Our Children’s Reading Habits


I don’t normally post on a Saturday, but just had to share this with you all.

I recently did an article/interview with Jane Ayres for

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Check out The Changing Reading Habits of Our Children and please leave a comment…I would love you forever πŸ™‚

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Generating Titles


As I said a couple of days ago, I love finding names for my characters, but, what I love even more is finding Title Ideas πŸ™‚ A good title idea can prompt a story in itself, and often does for me. An interesting title will intrigue a reader, I know it does me. One of my 2 favourite examples from successful books are:

If Nobody Speaks Of Remarkable Things
and
The Curious Incident Of The Dog In The Nightime

Both, fantastic examples of how a title can sell a book. Imagine if Mark Haddon had just called it “The Dog” *yawns*

I’m sitting here at the moment, in front of my sons birthday cards. It was his birthday on Wednesday. I found one of his cards very inspiring.

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Bam! “Dressing Like Dad” what a great title for a story. I’m conjuring up the scenes in my head as I type lol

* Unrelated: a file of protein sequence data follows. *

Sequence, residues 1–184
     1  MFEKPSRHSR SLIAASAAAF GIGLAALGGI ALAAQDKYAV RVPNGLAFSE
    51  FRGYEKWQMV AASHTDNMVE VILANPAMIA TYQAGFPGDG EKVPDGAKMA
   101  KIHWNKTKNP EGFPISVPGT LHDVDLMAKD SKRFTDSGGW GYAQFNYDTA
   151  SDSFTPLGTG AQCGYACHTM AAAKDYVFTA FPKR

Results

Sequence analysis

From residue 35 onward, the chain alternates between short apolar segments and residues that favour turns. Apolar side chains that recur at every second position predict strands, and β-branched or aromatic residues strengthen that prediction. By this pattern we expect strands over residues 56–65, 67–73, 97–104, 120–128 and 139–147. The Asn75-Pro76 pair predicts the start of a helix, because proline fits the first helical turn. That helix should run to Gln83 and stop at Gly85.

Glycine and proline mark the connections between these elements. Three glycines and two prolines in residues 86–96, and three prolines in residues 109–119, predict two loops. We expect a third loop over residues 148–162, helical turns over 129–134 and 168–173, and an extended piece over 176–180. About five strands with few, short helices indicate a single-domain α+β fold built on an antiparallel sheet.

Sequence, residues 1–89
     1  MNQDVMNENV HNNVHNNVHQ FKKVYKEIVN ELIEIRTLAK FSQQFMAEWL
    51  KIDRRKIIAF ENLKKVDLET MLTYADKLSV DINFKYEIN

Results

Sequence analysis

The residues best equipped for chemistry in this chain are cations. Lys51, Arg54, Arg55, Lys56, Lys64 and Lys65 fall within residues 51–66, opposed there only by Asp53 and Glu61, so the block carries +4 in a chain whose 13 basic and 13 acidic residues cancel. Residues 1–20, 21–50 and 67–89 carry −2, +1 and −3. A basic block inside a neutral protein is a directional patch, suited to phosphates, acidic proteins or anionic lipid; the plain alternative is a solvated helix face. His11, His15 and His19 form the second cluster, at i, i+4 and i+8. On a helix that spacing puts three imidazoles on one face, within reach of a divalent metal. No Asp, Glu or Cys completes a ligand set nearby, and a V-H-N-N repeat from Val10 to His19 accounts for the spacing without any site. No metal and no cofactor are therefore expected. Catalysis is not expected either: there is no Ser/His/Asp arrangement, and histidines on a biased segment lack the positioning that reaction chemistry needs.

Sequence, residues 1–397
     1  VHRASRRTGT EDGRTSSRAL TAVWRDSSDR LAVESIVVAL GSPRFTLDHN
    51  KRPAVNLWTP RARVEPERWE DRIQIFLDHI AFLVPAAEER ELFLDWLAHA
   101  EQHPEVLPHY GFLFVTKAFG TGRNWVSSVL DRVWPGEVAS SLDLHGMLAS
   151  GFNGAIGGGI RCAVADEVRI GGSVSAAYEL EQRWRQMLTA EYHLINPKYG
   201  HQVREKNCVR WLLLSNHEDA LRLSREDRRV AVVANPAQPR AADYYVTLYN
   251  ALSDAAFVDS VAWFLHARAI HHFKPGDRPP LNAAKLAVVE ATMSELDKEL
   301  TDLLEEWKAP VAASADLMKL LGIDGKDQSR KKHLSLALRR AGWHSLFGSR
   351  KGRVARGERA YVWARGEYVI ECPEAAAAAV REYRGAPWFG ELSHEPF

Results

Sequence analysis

I find title ideas absolutely every where and I allocate a page in my note book where I write them all down, the minute I spot one. So here are a few tips on finding those titles…..And the stories to go with them πŸ˜‰

1. Lines from poetry.

2. Quotes.

3. The Titles given to pieces of art, especially modern art.

4. Writing prompts. I often use words from the actual prompt I’m using as a title.

5. Flick through a non fiction book, the titles of the chapters (even self help type books can be good for that!) or go to the library and look at all the titles of non fiction books.

6. A Theasaurus is brilliant. Think of your title, then look up the words to see if you can make it better, a different word can add so much more meaning to the title.

7. Newspaper headlines and magazine article titles.

8. Subjects of e mails….I know, you’re looking at me strangely lol…. Try it! I had an e mail yesterday from a web site I subscribe to and the title was “Hire a Hooker for Your Husband” *snigger* Now you’re looking at me like I’m a real weirdo lol.

9. Song lyrics and titles….the song itself could inspire a story.

10. Eavesdrop on people’s conversations, in cafe’s, shops, sometimes, someone will come out with a gem. If you don’t get out much TV and films are good too, even the news programmes. I wonder if Lionel Shriver overheard someone say We Need To Talk About Kevin ?

So that’s where I get my ideas from….I could sit here and type out my current list, which stands at about 30, but hey, you might steal one πŸ˜‰

Today’s prompt about sinking turned into a tory about a guy, in sales, who’s wife has left him and he’s been called to the bosses office as his figures are going down. Lots of options on how to end that depending on how nasty I’m feeling πŸ˜‰ Tomorrow’s prompt is an emergency exit which sounds good πŸ™‚